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Anticipatory Materialisms in Literature and Philosophy, 1790–1930

  • Jo Carruthers
  • Nour Dakkak
  • Rebecca Spence
Book

Table of contents

  1. Front Matter
    Pages i-xix
  2. Jo Carruthers, Nour Dakkak, Rebecca Spence
    Pages 1-19
  3. Romantic Materialisms

  4. Victorian Materialisms

  5. Modern Materialisms

  6. Back Matter
    Pages 241-244

About this book

Introduction

“Anticipatory Materialisms is a timely interdisciplinary collection that draws together ethics, politics and poetics to reimagine and interrogate human precedence in the material world. It presents both a profound and provocative engagement with literature and philosophy to assert the general interdependence of all matter in the natural world.”

—Lesa Scholl, author of Hunger Movements in Early Victorian Literature

Anticipatory Materialisms explores nineteenth and early twentieth-century literature that pre-empts the recent philosophical ‘turn’ to materiality and affect. Critical volumes that approach literature via the prism of new materialism are in the ascendence. This collection stakes a different claim: by engaging with neglected theories of materiality in literary and philosophical works that antedate the twentyfirst century ‘turn’ to new materialism and theories of affect, the project aims to establish a dialogue between recent and earlier conceptualisations of people-world relations. The essays collected here demonstrate the particular and meaningful ways in which interactions between people and the physical world were being considered in literature between the nineteenth and early twentieth centuries. This book does not propose an air of finality; indeed, it is our hope that by offering provocative and challenging chapters, which approach the subject from various critical and thematic perspectives, the collection will establish a broader dialogue regarding the ways philosophy and literature have intersected and informed each other over the course of the long nineteenth century.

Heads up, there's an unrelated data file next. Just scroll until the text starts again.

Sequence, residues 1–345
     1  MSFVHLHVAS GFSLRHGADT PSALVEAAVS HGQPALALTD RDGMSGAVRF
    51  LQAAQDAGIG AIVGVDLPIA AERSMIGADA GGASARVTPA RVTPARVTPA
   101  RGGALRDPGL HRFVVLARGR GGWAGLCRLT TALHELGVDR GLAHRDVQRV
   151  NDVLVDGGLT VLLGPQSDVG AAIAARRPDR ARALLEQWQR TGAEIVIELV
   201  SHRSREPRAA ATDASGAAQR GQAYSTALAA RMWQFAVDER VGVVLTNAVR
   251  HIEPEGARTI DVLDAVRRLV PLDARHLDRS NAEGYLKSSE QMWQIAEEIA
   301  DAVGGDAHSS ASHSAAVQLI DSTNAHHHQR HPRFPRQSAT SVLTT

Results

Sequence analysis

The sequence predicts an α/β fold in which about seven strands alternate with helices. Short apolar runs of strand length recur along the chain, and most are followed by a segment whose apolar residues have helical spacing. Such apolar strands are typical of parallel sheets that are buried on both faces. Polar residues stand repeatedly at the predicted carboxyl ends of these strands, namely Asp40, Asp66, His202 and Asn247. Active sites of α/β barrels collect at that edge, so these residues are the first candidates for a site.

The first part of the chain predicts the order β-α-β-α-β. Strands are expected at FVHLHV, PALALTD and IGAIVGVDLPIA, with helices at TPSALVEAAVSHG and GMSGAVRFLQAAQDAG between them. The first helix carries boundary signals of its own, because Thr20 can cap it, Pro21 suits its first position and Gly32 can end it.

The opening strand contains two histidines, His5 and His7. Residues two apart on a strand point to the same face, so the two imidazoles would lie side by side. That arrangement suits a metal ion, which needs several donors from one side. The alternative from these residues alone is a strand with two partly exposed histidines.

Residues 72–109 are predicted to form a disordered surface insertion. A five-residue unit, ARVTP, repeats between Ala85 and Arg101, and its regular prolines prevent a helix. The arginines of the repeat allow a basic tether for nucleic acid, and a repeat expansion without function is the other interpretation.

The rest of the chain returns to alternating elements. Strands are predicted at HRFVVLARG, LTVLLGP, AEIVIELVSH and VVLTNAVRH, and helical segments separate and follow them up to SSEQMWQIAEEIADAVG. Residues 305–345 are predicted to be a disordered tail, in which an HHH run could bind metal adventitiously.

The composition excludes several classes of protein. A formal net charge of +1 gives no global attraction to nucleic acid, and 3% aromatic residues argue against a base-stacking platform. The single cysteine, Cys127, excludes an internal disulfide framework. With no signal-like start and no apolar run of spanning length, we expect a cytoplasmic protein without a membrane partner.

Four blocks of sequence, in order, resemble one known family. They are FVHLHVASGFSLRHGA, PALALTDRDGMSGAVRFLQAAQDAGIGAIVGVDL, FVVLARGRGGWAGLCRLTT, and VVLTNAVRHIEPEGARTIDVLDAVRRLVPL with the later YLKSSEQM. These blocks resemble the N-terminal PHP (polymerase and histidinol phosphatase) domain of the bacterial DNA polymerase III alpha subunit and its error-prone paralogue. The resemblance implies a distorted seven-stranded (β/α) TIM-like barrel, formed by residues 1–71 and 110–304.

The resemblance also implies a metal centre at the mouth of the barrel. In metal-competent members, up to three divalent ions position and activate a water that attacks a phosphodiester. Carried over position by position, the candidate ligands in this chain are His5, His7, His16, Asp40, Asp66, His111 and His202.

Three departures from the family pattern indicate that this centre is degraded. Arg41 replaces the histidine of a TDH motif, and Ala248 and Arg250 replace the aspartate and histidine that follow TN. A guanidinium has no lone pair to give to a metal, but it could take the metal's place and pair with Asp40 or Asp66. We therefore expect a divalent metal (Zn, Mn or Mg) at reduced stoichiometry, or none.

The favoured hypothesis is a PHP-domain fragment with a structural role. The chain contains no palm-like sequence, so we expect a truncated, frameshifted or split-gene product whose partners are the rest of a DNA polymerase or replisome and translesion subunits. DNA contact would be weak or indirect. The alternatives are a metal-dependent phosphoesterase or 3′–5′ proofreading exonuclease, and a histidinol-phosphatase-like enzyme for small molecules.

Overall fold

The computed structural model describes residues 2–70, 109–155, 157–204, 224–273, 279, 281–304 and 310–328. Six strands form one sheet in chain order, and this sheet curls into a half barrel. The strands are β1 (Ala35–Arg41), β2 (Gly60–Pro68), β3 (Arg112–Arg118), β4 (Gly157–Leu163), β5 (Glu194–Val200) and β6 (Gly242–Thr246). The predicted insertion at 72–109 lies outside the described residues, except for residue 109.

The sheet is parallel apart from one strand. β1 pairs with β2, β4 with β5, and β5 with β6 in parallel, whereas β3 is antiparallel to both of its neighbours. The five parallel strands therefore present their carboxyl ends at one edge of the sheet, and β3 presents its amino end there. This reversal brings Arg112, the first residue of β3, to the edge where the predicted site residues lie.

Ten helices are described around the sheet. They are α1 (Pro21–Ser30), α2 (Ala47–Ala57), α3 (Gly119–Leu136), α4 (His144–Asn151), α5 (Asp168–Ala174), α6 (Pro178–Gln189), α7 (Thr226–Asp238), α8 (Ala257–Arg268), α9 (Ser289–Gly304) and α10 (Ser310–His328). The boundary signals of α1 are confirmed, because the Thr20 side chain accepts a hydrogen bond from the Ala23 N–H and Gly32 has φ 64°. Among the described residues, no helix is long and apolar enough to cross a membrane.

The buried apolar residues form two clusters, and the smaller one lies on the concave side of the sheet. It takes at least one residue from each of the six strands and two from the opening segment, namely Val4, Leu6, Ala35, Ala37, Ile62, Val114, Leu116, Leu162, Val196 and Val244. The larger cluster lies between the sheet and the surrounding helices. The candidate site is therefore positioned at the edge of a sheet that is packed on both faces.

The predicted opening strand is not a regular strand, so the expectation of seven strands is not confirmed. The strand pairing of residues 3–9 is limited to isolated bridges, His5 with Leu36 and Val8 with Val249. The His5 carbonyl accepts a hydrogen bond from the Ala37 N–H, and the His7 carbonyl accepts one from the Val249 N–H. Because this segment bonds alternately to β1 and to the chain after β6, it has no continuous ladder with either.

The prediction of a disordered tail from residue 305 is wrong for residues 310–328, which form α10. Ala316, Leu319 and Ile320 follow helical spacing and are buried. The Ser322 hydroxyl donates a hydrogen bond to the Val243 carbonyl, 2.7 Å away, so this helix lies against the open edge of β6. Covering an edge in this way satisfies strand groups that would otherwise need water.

Jo Carruthers teaches English Literature at Lancaster University and has published widely in the areas of literary studies, aesthetics, and religious and national identities. Her books include: England’s Secular Scripture: Islamophobia and the Protestant Aesthetic (2011) and The Politics of Purim: Purim: Law, Sovereignty and Hospitality in the Aesthetic Afterlives of Esther (2020).

Nour Dakkak teaches literature, arts and humanities at the Arab Open University in Kuwait. Her research is centred on everyday human-world relations in nineteenth and twentieth-century literature and culture. She has published chapters in several volumes including Mobilities, Literature, Culture (2019) and “Only Connect”: E. M. Forster’s Legacies in British Fiction (2017).

Rebecca Spence is an AHRC-funded PhD candidate and associate lecturer in the Department of English and Creative Writing at Lancaster University. Her research argues for an associative relationship between listening and sympathy in the nineteenth-century novel, with a focus on the work of George Eliot, Thomas Hardy and Henry James.


Keywords

Materialism nineteenth century literature new materialism Wordsworth George Eliot Thomas Hardy ecocritical materialism tourism scholarship

Editors and affiliations

  • Jo Carruthers
    • 1
  • Nour Dakkak
    • 2
  • Rebecca Spence
    • 3
  1. 1.Department of English Literature & Creative WritingCounty College, Lancaster UniversityLancasterUK
  2. 2.Arab Open UniversityArdiyaKuwait
  3. 3.Department of English Literature & Creative WritingCounty College, Lancaster UniversityLancasterUK

Bibliographic information

  • DOI https://doi.org/10.1007/978-3-030-29817-3
  • Copyright Information The Editor(s) (if applicable) and The Author(s), under exclusive license to Springer Nature Switzerland AG 2019
  • Publisher Name Palgrave Macmillan, Cham
  • eBook Packages Literature, Cultural and Media Studies
  • Print ISBN 978-3-030-29816-6
  • Online ISBN 978-3-030-29817-3
  • Buy this book on publisher's site